No more hand-held devices in the car

Beginning in June 2018
Sun, 09/10/2017 - 8:00am

Gov. Gina Raimondo has signed legislation introduced by Sen. Susan Sosnowski (D-Dist. 37, South Kingstown, New Shoreham) and Rep. Kathleen A. Fogarty (D-Dist. 35, South Kingstown) that outlaws the use of any non-hands-free personal wireless communication device while operating a motor vehicle, except for public safety personnel or in emergency situations. The new law goes into effect June 1, 2018.

Violators of the provisions of the legislation will be subject to a fine of no more than $100. That fine can be suspended for a first-time violator who provides proof of acquisition of a hands-free accessory subsequent to the violation and prior to the imposition of the fine.

According to a press release issued by the State House, Sosnowski said, “Distracted driving is extremely dangerous, claiming 3,477 lives in 2015 alone, according to the National Highway Traffic Safety Administration. And it’s not just texting; talking on the phone while having one hand off of the wheel is equally distracting. Many of us have grown accustomed to using mobile devices in almost every aspect of our lives, including in our cars and trucks. This is especially true for our younger population, which grew up with this kind of technology embedded in their daily lives. It’s important not to forget that every time we step into a vehicle, we are taking our lives and the lives of others into our own hands.”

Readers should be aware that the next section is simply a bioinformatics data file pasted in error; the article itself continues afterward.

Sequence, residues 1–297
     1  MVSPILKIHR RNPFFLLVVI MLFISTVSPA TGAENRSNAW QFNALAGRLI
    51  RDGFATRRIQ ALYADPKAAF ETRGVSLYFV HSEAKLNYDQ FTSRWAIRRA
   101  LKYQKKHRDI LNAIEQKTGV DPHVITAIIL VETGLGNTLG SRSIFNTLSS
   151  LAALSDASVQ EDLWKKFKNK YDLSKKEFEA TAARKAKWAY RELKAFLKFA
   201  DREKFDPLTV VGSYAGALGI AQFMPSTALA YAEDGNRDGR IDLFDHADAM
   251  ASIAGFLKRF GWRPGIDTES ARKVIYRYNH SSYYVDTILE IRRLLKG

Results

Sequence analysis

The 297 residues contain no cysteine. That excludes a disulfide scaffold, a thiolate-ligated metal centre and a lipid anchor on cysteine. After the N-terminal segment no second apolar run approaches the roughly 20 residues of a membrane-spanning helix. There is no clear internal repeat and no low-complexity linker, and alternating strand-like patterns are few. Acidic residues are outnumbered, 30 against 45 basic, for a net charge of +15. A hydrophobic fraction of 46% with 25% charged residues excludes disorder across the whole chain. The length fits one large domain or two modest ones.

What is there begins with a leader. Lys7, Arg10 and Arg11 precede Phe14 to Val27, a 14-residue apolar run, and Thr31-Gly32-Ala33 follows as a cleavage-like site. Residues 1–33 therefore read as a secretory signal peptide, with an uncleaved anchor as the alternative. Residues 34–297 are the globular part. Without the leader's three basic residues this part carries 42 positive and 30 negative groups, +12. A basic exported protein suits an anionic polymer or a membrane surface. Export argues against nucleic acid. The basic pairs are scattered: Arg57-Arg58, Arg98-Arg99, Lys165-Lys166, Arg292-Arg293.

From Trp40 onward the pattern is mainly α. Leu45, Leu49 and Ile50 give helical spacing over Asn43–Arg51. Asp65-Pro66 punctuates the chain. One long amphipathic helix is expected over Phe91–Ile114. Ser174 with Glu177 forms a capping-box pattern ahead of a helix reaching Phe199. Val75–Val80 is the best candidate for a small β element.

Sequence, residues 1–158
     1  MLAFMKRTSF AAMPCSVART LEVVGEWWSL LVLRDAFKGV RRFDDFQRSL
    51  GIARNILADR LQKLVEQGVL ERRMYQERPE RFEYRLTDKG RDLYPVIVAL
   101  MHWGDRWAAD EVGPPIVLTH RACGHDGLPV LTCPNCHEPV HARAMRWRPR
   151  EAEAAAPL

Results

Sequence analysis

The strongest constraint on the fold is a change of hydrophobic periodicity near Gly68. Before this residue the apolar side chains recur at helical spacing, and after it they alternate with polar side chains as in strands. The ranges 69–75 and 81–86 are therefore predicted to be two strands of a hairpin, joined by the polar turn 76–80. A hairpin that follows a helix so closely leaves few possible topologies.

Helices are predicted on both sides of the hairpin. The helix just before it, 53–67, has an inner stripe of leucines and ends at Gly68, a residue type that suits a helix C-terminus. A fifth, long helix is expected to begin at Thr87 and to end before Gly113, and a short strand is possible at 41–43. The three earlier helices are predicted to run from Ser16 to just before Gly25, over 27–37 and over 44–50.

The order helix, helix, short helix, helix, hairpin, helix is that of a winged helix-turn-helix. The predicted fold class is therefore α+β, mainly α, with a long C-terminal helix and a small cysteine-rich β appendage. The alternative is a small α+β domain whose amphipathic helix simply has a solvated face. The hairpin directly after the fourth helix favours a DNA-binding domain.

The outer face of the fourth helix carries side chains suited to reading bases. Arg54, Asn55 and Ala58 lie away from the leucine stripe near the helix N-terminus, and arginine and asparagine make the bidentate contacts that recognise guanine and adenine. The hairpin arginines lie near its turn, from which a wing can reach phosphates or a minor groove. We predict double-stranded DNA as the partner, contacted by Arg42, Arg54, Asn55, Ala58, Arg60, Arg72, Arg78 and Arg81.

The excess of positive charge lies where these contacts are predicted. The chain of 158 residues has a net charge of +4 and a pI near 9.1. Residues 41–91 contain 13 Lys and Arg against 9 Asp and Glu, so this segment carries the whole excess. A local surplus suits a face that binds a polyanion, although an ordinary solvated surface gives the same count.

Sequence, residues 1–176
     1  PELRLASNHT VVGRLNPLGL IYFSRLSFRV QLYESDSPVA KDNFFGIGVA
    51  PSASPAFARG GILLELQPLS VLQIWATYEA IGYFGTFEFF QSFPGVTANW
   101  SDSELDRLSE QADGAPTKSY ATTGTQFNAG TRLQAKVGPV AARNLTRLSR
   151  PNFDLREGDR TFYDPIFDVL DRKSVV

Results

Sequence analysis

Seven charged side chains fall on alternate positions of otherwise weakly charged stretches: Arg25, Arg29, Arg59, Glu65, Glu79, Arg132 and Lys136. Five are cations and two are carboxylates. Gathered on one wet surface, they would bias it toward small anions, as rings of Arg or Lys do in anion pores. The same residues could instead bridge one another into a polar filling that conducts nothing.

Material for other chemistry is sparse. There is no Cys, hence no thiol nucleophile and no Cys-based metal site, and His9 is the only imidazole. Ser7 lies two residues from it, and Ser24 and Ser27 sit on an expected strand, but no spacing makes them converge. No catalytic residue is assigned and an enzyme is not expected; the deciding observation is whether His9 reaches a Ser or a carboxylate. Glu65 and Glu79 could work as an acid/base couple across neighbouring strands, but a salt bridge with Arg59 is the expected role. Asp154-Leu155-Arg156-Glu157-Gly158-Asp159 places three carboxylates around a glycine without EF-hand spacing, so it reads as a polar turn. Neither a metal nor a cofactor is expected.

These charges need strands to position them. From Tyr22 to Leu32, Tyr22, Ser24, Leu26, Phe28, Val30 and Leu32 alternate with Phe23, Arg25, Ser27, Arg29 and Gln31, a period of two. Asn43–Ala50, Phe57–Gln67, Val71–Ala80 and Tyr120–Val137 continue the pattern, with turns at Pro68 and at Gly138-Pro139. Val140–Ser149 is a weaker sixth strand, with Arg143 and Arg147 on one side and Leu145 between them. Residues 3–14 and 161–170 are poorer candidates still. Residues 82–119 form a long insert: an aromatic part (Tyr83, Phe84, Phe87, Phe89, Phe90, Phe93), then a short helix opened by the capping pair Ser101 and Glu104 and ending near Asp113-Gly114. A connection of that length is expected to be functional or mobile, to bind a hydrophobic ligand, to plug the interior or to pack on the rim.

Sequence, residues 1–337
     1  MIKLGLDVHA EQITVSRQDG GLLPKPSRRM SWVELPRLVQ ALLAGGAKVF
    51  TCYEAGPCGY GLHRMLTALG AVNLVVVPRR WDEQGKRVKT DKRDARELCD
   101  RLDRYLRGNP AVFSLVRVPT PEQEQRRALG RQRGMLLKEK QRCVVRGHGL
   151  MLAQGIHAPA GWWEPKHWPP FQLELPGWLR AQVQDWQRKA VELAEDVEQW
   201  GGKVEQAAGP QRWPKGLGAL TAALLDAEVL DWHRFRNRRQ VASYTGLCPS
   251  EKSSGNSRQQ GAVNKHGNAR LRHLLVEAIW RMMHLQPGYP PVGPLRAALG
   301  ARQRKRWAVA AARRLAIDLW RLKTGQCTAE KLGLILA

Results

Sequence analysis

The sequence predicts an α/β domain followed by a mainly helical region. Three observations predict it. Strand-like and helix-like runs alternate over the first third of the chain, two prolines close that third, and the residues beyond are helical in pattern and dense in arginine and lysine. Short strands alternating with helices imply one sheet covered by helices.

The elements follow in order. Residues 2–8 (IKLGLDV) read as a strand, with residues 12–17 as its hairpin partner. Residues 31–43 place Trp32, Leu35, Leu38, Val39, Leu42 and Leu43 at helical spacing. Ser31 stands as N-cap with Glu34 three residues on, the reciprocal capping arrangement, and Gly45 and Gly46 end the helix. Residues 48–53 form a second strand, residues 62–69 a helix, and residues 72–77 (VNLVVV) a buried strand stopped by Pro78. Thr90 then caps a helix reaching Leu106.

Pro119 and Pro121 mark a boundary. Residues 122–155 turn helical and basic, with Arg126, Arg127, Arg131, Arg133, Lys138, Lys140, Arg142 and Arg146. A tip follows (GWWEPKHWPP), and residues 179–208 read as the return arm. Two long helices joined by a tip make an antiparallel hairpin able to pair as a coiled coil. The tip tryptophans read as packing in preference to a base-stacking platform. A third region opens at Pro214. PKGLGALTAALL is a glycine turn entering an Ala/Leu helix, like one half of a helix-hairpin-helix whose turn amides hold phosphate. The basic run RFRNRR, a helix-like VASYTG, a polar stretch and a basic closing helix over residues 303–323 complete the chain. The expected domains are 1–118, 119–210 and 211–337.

Rhode Island joins three other New England states in banning hand-held mobile phones for drivers: Connecticut, which has had a ban since 2005; Vermont, which has had a ban since 2014, and New Hampshire, which has banned hand-held phone use for drivers since 2015. Massachusetts leaves the question up to local jurisdictions.

During daylight hours, approximately 660,000 drivers are using cell phones while driving. That creates enormous potential for deaths and injuries on U.S. roads. Teens were the largest age group reported as distracted at the time of fatal crashes, according to the press release.

“The hands-free bill is a good idea because distracted-driving is the number one cause of accidents in this country now,” said New Shoreham Police Chief Vin Carlone.

“With each change in technology, it becomes our duty as lawmakers and protectors of our constituency to ensure that we make the appropriate adjustments to our statutes,” Sosnowski said in the press release. “This is primarily about safety. There are already so many dangers and distractions on the road — the least we can do is work to minimize those potential threats.”